Visitors to New York City who are museum-minded generally have two in mind: the American Museum of Natural History on the Upper West Side and the Metropolitan Museum of Art on the Upper East Side.
In my mind, they certainly are the two most impressive of New York's many museums, but they're not always my favorites. Both are striking-- the buildings themselves and the collections inside -- but also unwieldy. Too big. I always feel like I'm missing something, and I probably am.
When I feel like getting a jolt of culture, I like the Guggenheim Museum. The primary space is round, and visitors view the main exhibit by walking around and around a giant ramp. A few other exhibits fill up the annexes, but everything is easily accessible. Best yet, the Frank Lloyd Wright-designed building is dramatic inside and out -- and just a few blocks from the Met if you just have to go there, too.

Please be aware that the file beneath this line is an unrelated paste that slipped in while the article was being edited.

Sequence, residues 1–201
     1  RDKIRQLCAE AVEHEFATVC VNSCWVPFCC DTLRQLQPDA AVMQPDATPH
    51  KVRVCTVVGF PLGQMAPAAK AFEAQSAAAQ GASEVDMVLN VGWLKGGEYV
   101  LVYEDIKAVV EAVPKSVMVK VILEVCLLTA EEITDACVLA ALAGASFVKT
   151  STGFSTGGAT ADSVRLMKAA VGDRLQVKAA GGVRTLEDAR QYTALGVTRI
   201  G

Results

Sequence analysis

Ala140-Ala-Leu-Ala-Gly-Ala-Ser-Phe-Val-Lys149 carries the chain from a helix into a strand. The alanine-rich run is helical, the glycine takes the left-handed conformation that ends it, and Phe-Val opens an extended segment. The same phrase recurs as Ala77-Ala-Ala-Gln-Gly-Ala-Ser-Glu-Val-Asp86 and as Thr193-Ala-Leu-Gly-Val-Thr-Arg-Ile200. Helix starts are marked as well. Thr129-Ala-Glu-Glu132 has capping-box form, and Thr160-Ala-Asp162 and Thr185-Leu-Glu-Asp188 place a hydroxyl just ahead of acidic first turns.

Paul and I visited the Guggenheim just a few weeks ago, and we decided to make a museum day of it. Instead of going to the Met, however, we went to the Whitney Museum of American Art for the Edward Hopper exhibit. I was excited to go since he's one of my favorite artists, although the setting isn't nearly as nice as the other museums. I find the building blah inside and out; it's easy to miss even if you're walking by.
|Whitney Museum of American Art|
The Hopper exhibit was crowded. Even still, we got through the bulk of the museum -- all that we wanted to see, in any case -- in about 90 minutes.
To me, the Met and the American Museum of Natural History are like nice, expensive meals -- something to be indulged in and savored, but only once in a while. Most of the time I just want something hearty and filling, but still of good quality. That's what the Guggenheim and Whitney are for me.